Shoulders—Don’t Wait till You Have a Problem

As a physiotherapist I get to see a ton of patients that come in with shoulder problems. The number one profile I see with this; a late 30s, early 40s desk jockey who hits the gym and trains but is otherwise sedentary, overweight and living a happy suburban life. They come in, take of their jacket and immediately their shoulders are not level, not even close; one is always down and forward.

The typical story I get when taking their history goes along the lines of; “I was reaching up to the top shelf at work to get a package of computer paper, I turned to see who came into the room and ‘pop’ something happened to my shoulder. The next day I went to the ER cause it hurt like a ***** but the x-ray said no fracture. The doctor gave me muscle relaxants and told me to take a day or 2 off work. It’s been 2 weeks and it hasn’t gotten better.” I do a few quick tests and then begin moving the shoulder back into alignment.


What happened?

The shoulder is inherently unstable compared to most joints. Think about how limited a knee is and how much muscle crosses it. There are a ton of things holding a knee in place. A shoulder, in order to maximize mobility—part of our primate inheritance for climbing—must be loose in the socket. 4 small muscles which make up the rotator cuff stabilize the gleno-humeral head and the scapula (shoulder blade). They are the supraspinatus, infraspinatus, teres minor and subscapularis. There won’t be a test, don’t worry. Since we don’t spend our time climbing, hanging from rings or ropes, getting into forest canopies, etcetera, the function of these stabilizer muscles isn’t fulfilled. Combine that with a lifetime of forward pushing (bench press guys), crappy desk jockey posture, crappy watching the game on the couch posture and what do you think is going to happen to those 4 small muscles when you break alignment?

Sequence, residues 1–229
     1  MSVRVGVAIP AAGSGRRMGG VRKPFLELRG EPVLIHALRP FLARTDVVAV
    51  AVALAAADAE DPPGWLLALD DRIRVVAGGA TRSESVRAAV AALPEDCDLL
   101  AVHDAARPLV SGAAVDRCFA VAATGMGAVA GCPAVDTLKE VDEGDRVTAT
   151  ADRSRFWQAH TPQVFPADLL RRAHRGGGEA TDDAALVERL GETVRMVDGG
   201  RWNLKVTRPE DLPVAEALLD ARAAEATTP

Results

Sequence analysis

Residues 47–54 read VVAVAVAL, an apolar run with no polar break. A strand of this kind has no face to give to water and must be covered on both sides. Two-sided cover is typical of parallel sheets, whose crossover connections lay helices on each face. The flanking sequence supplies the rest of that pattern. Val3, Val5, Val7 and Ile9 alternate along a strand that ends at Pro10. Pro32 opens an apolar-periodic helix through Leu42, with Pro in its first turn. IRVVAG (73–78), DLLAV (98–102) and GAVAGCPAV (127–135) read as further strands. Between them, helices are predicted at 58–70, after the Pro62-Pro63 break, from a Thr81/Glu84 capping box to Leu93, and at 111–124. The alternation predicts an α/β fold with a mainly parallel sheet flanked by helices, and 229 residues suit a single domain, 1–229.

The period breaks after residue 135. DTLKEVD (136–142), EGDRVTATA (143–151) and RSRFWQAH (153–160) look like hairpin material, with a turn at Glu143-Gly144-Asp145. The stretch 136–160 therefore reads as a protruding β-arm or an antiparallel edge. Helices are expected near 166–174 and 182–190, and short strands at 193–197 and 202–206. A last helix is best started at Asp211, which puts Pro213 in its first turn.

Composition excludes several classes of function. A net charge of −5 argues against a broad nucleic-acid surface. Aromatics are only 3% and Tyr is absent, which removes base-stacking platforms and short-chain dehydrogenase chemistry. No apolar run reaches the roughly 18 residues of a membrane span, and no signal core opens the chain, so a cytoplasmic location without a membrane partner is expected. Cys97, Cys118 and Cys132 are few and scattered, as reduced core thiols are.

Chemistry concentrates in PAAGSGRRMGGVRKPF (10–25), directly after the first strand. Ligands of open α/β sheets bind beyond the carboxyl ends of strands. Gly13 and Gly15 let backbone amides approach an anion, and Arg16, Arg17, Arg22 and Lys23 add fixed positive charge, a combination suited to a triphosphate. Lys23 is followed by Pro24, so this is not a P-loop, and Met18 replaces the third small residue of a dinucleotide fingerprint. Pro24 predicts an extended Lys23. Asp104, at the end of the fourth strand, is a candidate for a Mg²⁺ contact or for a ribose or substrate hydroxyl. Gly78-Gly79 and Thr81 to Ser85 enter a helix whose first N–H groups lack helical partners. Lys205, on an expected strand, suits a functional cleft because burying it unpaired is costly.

The Solution

We can avoid 90% of shoulder issues with a simple prehab program. 3 days a week at 2×15/day complete the following exercises:

1. scapular retraction with depression

Scapular Retraction With Depression

Scapular Retraction With Depression


2. side-lying external rotation

side-lying external rotation


3. side-lying horizontal abduction

side-lying horizontal abduction


4. I-Y-W-T-M

Illustrated: Y, T, H special thanks to

Illustrated: M by Al-Jahara hospital, W by

The overwhelming majority of shoulder problems can be solved with direct muscle work and minor postural corrections. Rather than waiting till you have a problem, you can add this to your routine as part of warm up or cool down. It’s a bit tedious but so boredom from injury is worse.

Train Smart



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